Pictured (from top left, clockwise): Douaumont Ossuary, Verdun; Thiepval Memorial in the Somme; Fricourt German Military Cemetery, near Albert; Memorial to Admiral Sir John Jellicoe, British commander-in-chief at the Battle of Jutland (Image © Centenary News)

Centenary News countdown to First World War anniversaries in 2016

Posted on centenarynews.com on 01 January 2016
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Centenary News looks ahead to the some of the major First World War anniversaries which will be remembered in 2016.  

100 years ago, the Battles of Verdun and the Somme lay ahead. 1916 was also the year of the Battle of Jutland, the biggest naval clash of the Great War; and the Brusilov offensive, Russia's last major push on the Eastern Front. 

In the Middle East, Britain and France reached an agreement for dividing the Ottoman Empire after the defeat of Turkey, with long-term consequences for the region. The Arab Revolt began with British support.

British rule in Ireland was challenged by republicans with a rising at Easter.

Romania entered the war on the Allied side, but Bucharest fell to the Germans within months.

1916 was also a year of leadership changes in Britain, France Germany and Austria-Hungary.

Britain's expanding Western Front armies entered the New Year with their recently-appointed Commander-in-Chief, General Sir Douglas Haig.

Breaking with tradition, conscription was introduced in the UK to meet the military's growing demands for manpower. 

Erich von Falkenhayn was replaced as Chief of the German General Staff in August as the losses at Verdun mounted. He was succeeded by the duo of Paul von Hindenburg and Erich Ludendorff, victors at the Eastern Front Battle of Tannenberg in 1914.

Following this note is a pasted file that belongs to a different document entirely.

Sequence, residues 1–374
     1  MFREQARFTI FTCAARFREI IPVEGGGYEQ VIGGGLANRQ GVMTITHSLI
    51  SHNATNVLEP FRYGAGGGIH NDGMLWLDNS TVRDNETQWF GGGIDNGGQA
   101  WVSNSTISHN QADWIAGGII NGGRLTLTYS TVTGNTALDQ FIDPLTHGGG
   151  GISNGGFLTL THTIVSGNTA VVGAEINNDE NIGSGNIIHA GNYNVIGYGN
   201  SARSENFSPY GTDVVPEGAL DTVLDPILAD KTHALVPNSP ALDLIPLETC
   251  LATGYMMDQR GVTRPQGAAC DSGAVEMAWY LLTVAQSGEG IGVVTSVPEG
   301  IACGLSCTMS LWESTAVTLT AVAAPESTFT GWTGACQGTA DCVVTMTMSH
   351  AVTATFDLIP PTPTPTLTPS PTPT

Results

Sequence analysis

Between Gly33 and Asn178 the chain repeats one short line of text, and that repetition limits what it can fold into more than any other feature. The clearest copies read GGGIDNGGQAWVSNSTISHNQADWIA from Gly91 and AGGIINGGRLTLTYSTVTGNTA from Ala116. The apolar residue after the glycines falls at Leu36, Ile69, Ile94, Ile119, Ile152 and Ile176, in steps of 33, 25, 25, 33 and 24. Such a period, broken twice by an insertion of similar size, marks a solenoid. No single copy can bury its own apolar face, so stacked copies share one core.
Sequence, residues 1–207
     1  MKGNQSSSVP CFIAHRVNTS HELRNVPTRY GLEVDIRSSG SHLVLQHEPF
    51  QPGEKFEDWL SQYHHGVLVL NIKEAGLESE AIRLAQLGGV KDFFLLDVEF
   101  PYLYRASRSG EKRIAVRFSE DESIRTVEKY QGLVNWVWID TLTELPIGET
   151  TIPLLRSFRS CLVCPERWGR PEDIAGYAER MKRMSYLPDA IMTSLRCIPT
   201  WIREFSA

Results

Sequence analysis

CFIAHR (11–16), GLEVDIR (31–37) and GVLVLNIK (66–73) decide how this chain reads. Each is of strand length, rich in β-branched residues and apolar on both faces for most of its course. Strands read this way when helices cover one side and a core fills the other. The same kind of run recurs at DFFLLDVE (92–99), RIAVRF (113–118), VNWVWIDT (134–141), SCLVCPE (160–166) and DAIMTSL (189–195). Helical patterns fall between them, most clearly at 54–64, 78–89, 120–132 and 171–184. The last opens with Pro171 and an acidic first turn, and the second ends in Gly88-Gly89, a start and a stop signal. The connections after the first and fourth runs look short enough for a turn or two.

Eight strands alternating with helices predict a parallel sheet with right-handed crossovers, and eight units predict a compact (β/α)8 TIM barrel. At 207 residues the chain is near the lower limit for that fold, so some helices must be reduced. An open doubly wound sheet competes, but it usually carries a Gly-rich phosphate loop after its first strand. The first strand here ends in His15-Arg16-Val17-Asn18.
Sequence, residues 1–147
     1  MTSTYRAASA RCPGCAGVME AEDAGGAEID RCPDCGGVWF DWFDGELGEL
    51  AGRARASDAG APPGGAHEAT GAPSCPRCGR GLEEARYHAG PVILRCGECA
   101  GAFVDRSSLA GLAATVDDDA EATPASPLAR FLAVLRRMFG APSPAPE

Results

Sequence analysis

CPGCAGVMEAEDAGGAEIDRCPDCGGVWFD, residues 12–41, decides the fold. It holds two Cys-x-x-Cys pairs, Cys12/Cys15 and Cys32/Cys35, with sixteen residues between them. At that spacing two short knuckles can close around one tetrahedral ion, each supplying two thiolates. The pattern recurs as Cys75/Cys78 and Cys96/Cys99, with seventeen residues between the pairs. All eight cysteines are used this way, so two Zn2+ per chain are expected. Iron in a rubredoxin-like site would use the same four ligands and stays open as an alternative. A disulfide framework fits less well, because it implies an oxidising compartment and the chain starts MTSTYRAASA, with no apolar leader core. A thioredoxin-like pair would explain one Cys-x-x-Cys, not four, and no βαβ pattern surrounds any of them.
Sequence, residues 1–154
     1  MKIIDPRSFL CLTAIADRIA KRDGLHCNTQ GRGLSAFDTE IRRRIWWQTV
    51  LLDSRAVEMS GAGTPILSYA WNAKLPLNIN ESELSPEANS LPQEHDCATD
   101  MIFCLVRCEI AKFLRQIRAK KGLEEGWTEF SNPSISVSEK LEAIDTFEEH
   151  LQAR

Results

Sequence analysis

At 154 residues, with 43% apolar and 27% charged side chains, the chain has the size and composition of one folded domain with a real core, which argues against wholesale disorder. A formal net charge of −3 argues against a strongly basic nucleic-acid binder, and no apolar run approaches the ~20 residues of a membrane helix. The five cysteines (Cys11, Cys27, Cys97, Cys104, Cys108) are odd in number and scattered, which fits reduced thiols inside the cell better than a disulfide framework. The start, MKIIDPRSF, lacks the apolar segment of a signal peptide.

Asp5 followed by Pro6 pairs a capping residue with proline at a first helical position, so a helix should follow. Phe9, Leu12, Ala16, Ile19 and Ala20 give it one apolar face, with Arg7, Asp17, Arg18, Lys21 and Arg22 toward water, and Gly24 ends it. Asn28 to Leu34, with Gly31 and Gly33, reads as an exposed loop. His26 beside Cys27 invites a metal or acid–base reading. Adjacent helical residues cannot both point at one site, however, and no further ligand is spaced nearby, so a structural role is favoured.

Field Marshal Hindenburg (left) walking with his wife Gertrud (Image © IWM Q 72736)

Emperor Franz Josef, ruler of the Austro-Hungarian Empire, died after a 68-year reign.

British Prime Minister Herbert Asquith was ousted by David Lloyd George in December, amid demands for more vigorous leadership of the wartime coalition government.

Out too went General Joseph Joffre, replaced as French army commander by Robert Nivelle, fresh from leading successful counter-attacks at Verdun.

Summary of 1916 events

January 9

The Gallipoli campaign ended, with the evacuation of the remaining Allied positions at Helles. Soldiers from the Newfoundland Regiment were among the last to leave.

January 10-February 16

Russia launches a winter offensive against the Ottoman Empire, capturing the fortress of Erzurum in eastern Anatolia on February 16.

January 27

The British Parliament passes the Military Service Act, introducing conscription for unmarried men between the ages of 18 and 41. It comes into force on March 2nd.

February 21

Germany attacks Verdun aiming to break the French armies on the Western Front with a campaign of attrition. After 10 months of fighting, France is undefeated but both sides suffer hundreds of thousands of casualties.

Commemorations marking the centenary of the Battle of Verdun will be taking place in the Meuse region of Northeastern France throughout 2016. See the Verdun Tourisme website for events on February 21. There'll be an international ceremony on May 29.

March 18

Russia suffers heavy losses in a failed offensive at Lake Naroch (in present-day Belarus) aimed at deflecting German pressure on Verdun. 

The Italians are also unsuccessful in the latest of a series of offensive against Austria-Hungary on the Isonzo River.

April 15

Russia captures Trebizond (Trabzon), on Turkey's Black Sea Coast.

April 24

Republicans opposed to British rule in Ireland seize key buildings in Dublin, using the General Post Office as their headquarters. They surrender after five days of fighting. 

A year-long programme of Easter Rising commemorations has been organised by the Irish Government.

April 29

A British/Indian force surrenders to the Ottoman Army at Kut-al-Amara in Mesopotamia (now Iraq) after a siege lasting almost five months.